Coolant temps generally range from ambient to @ 45°C at most, so 33ush to 45ish. If you exceed that max, you seriously have a cooling issue somewhere. Coolant temps are not representative of cpu temps, but of cooling efficiency. A 280mm aio has a 300w± capacity so after an hour at 70°C cpu, you should be closer to 40°C coolant.

PBO doesn't change what a cpu does, it changes what a cpu can do, there's a difference. Stock has wattage/amperage limits in order to maintain TDP ratings. What PBO does is raise those limits. So if you push your cpu stock to the max, you'll run into those limitations, which changes the limits of the cpu core boosts. Enable PBO and that resets the limits higher, so it's possible to get more performance from the cpu, at the cost of higher power consumption, higher cooling requirements. The +200MHz boost is another limit to core max frequency. Doesn't affect anything lower.
Assuming that coolant here is referring to the liquid temp, then that sounds about right. I haven't seen the liquid temp go about 38C or so, so it sounds like there's nothing abnormal happening there?

Not connected to temps directly... Which Cinebench did you run, r20 or r23? In r20, that result would actually be really good. In r23, it's almost impossibly bad.
These results are from Cinebench R23... so I guess my assumption that the CPU is underperforming big time is right?
 

Karadjgne

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There's no 'all in one' test. Cinebench is good for stability and performance, not temps. TimeSpy is excellent for performance, Aida64 is excellent for stability. Prime95 is excellent for temps. You should pick and choose and swap tests repeatedly depending on exactly which criteria you are wanting to adjust for. Then make compromises with the results. So if Prime gets a temp you can live with but CB performance drops too much as a result, you'll need to adjust cooling or it's sources to enable CB to score higher but remain in acceptable Prime range.

It's why occt has a standard 80°C temp cap, pointless to continue the test since the user will not accept cpu temps over 80°C as being acceptable.

So if Prime gets you 70°, and CB gets you 11000, but you done pretty much everything possible with your setup and settings to get those results, you'll have to decide if a bump in voltages to allow a 100MHz boost to clocks and an extra 5°-10°C on temps is really worth changing the CB to 11400 etc.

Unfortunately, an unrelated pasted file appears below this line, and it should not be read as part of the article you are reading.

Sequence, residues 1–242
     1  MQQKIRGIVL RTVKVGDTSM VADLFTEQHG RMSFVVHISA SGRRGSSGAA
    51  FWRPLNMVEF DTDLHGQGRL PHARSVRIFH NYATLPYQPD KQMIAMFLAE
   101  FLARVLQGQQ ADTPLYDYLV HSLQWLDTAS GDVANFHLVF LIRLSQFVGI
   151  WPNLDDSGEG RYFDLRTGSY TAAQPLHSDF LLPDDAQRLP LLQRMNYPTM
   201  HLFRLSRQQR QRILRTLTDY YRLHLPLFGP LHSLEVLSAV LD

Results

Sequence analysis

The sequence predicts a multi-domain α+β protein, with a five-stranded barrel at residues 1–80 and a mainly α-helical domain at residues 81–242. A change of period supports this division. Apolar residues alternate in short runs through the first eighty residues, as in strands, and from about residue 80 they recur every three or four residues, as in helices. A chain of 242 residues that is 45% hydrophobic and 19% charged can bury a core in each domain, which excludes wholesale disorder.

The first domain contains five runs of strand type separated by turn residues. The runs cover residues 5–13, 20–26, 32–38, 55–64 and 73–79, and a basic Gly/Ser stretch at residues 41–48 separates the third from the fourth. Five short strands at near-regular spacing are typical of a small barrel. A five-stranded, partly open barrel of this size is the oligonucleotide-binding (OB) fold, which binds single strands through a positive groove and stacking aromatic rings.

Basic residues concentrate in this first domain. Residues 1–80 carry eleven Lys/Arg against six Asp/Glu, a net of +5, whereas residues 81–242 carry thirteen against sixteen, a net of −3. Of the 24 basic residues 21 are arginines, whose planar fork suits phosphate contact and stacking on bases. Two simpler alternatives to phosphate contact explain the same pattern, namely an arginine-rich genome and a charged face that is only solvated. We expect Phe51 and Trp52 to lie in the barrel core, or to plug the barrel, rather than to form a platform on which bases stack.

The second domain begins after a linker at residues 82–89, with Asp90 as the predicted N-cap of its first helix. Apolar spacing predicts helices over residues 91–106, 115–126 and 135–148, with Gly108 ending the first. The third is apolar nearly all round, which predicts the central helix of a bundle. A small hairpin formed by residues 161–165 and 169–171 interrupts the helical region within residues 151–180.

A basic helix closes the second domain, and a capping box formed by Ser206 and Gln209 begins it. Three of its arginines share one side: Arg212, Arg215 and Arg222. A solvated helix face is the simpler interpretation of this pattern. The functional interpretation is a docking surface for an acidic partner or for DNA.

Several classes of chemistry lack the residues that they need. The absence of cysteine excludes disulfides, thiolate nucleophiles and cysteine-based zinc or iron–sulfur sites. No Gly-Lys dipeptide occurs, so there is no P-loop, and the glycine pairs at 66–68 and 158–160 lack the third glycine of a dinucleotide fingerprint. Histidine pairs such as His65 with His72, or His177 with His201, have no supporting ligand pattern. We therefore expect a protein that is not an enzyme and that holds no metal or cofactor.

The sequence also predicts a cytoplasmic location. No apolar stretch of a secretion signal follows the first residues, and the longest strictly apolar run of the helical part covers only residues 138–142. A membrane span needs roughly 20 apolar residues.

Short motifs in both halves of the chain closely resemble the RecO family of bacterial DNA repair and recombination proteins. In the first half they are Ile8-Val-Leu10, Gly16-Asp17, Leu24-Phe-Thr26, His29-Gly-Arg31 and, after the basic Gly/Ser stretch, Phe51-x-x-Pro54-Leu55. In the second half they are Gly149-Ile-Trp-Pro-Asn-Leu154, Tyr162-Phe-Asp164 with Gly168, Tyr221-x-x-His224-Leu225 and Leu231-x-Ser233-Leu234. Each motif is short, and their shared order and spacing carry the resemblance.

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Jan 1, 2022
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There's no 'all in one' test. Cinebench is good for stability and performance, not temps. TimeSpy is excellent for performance, Aida64 is excellent for stability. Prime95 is excellent for temps. You should pick and choose and swap tests repeatedly depending on exactly which criteria you are wanting to adjust for. Then make compromises with the results. So if Prime gets a temp you can live with but CB performance drops too much as a result, you'll need to adjust cooling or it's sources to enable CB to score higher but remain in acceptable Prime range.

It's why occt has a standard 80°C temp cap, pointless to continue the test since the user will not accept cpu temps over 80°C as being acceptable.

So if Prime gets you 70°, and CB gets you 11000, but you done pretty much everything possible with your setup and settings to get those results, you'll have to decide if a bump in voltages to allow a 100MHz boost to clocks and an extra 5°-10°C on temps is really worth changing the CB to 11400 etc.
Thanks for the insights. This makes sense, I will also test with TimeSpy and a few others. I think my main concern is that, despite temps being fairly high, comparing other Cinebench results from folks who have the 5900x, my scores seem significantly lower (i.e. 11k vs 20-22k), so I'm particularly concerned about whether I am getting the best out of my CPU if that makes sense. I can live with higher temps but only if the performance warrants it which based on what I've read and heard so far, I am not sure that it does.